The problem is that the differences are often as diametrically opposed as Joseph K said, at least in the wider world of anarchists outside the formal organisations. While I don't think there's one true way to a new society or way such a society could work, there are plenty of people whose ideas about getting from here to there are confused, stupid, counter-productive and so on. On top of that, their ideas about what 'there' looks like are similarly confused, and sometimes (in my eyes) horrific.

Working on the basis of my enemy's enemy is my friend would lead to dodgy bedfellows. Anarcho-capitalists want to get rid of the state, as do so-called 'national anarchists' and primitivists. I wouldn't want to work hand in hand with any of them.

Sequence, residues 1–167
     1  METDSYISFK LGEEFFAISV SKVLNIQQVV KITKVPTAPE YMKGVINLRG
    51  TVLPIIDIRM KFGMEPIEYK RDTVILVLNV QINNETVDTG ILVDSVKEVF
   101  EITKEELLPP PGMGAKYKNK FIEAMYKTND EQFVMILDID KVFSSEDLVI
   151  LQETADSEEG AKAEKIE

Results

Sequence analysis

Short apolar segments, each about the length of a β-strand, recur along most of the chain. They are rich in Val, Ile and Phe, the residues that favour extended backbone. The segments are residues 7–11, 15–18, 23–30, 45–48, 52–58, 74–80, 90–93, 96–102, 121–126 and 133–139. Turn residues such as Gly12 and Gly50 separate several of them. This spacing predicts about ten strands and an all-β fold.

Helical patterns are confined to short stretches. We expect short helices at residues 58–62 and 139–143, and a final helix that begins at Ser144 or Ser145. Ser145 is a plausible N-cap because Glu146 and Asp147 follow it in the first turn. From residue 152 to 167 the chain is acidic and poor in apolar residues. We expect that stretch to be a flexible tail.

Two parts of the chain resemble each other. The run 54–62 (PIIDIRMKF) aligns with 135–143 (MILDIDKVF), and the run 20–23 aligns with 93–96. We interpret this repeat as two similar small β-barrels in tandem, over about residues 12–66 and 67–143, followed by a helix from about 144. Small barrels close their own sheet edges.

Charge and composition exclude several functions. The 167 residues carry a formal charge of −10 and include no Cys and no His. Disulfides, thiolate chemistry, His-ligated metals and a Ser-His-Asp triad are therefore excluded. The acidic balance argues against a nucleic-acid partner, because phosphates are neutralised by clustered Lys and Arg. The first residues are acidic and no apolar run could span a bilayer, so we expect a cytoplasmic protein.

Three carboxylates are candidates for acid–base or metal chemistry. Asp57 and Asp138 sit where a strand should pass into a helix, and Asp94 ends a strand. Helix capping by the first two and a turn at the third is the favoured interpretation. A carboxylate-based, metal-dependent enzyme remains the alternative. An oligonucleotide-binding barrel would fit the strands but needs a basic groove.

There's nothing wrong with working alongside like minded groups, but there has to be a degree of commonality there I think.

futility index wrote:

A problem I have with these traditional forms of organisation is that ive never really understood how we get from people striking to improve their lives under capitalism to wanting to end it. I see the class struggle as having two parts. Part A is a better material condition (wages etc) and almost all workers will move to get this through collective action if theres a tradition of it in their employment sector. Part B is a better psychological condition (having real control of your own life and the life of your community) and here lies the problem - the people that are conviced of the desireability and possiblity of A very often arent convinced of the desireability and possibility of B and what could be revolutionary collapses into reformism.